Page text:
"Roughly 50 percent of what should have been one hell of a game."
The tale of Sonic the Hedgehog 3 is one of technological limitations and a creative way to work around them that took eight months to be realized. It's also a tale of an incomplete game that wasn't truly finished until those months had passed.
After Sonic the Hedgehog 2 proved to be bigger and better than the original, Sega had the lofty goal of making the series' third game truly massive. While an ambitious concept, there was one big roadblock in their attempt to turn it into reality. Only so much data could be inserted into a cartridge, so it became a sure thing that a lot of material would be left on the cutting room floor.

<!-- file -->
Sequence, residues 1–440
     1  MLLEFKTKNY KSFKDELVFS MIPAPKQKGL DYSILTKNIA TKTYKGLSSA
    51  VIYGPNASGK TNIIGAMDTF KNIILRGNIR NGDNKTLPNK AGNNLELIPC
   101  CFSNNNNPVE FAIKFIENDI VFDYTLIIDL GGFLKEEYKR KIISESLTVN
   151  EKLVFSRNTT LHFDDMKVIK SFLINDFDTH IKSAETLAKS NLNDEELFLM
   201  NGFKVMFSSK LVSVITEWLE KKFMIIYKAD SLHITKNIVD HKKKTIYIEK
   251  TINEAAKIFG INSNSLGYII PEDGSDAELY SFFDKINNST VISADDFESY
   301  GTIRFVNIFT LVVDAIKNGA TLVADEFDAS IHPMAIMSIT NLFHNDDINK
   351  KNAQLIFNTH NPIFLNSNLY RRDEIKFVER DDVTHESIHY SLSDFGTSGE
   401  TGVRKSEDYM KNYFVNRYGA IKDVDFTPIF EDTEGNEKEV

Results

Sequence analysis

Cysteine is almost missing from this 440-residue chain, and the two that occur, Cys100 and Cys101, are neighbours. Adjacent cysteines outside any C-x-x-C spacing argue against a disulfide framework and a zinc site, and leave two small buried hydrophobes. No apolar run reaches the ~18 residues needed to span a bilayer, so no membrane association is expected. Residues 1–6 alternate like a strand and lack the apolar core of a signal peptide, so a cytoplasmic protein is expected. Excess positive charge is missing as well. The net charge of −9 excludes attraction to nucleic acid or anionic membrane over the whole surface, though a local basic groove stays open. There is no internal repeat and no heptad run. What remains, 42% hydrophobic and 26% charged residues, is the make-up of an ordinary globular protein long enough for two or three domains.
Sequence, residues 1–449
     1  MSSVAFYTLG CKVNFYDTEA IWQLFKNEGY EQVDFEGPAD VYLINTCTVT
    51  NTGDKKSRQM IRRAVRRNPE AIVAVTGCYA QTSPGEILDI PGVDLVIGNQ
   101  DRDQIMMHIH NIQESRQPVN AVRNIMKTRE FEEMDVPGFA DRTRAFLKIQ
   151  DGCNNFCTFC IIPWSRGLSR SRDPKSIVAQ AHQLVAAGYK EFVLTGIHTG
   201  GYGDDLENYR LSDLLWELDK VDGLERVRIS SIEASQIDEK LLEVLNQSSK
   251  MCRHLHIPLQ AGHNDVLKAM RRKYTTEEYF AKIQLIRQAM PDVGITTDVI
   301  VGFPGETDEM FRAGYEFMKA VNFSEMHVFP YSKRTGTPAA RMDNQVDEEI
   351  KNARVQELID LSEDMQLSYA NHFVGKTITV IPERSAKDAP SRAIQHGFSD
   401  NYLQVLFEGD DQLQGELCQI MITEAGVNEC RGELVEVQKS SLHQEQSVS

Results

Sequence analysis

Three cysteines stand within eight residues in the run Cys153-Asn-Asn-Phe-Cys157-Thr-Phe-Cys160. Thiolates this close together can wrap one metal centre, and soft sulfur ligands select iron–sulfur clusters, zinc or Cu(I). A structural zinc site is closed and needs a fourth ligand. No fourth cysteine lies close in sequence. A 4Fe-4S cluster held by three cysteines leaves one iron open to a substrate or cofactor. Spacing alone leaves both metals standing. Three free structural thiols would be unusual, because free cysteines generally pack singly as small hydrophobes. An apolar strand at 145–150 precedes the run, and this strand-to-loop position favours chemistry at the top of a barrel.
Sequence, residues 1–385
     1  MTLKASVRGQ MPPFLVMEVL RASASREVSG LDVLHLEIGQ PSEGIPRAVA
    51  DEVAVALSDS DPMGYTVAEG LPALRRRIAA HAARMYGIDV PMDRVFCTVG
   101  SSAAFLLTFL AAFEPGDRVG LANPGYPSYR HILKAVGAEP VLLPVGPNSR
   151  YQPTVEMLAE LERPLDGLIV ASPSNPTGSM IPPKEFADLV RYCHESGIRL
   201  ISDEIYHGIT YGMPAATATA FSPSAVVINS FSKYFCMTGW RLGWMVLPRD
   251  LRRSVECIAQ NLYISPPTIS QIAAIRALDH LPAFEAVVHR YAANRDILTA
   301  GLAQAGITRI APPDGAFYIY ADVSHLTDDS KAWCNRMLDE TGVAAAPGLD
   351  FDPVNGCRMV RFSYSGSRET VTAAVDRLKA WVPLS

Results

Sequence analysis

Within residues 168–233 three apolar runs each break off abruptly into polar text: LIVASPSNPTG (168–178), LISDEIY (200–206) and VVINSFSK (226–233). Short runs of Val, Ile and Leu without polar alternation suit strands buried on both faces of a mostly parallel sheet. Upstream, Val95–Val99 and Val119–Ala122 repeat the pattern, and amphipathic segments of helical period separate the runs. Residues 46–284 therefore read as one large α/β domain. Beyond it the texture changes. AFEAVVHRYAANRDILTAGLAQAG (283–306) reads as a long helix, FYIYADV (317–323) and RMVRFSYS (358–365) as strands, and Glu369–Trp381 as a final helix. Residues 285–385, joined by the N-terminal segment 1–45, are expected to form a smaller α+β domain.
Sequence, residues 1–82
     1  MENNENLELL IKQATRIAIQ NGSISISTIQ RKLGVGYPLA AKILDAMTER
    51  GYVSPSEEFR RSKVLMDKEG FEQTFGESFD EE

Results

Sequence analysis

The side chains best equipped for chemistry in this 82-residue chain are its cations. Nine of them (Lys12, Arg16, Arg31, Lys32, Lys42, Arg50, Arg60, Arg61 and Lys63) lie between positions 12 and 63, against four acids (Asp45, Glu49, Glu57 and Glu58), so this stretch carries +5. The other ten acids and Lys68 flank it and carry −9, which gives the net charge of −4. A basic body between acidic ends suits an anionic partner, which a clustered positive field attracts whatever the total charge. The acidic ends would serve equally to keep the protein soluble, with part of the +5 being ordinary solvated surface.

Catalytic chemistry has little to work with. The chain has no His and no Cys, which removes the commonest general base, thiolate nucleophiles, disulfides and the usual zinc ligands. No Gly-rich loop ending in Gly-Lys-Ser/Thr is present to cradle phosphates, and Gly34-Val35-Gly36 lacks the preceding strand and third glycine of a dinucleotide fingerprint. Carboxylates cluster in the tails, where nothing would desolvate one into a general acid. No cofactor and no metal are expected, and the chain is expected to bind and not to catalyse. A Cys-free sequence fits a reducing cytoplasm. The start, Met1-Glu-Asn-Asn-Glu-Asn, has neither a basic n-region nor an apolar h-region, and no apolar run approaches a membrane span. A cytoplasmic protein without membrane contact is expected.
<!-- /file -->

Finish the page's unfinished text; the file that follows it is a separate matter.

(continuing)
And so, when Sonic 3 was released in February 1994, it wasn't all that it was expected to be, only featuring six worlds containing two large stages each. Later that year, Sonic & Knuckles hit the market, boasting all the remaining content, as well as the ability to also control erstwhile antagonist Knuckles.
Now we come to that creative workaround. Sonic & Knuckles was released on a cartridge possessing something called "lock-on technology", by which a person owning both it and Sonic 3 could attach the two cartridges together and get both games at once just as things were originally intended. A massive platformer containing 14 worlds, the ability to control Sonic, Tails and Knuckles and different ways to play various levels depending on which character was being used.
Staff review by Rob Hamilton (January 21, 2022)
Rob Hamilton is the official drunken master of review writing for Honestgamers.
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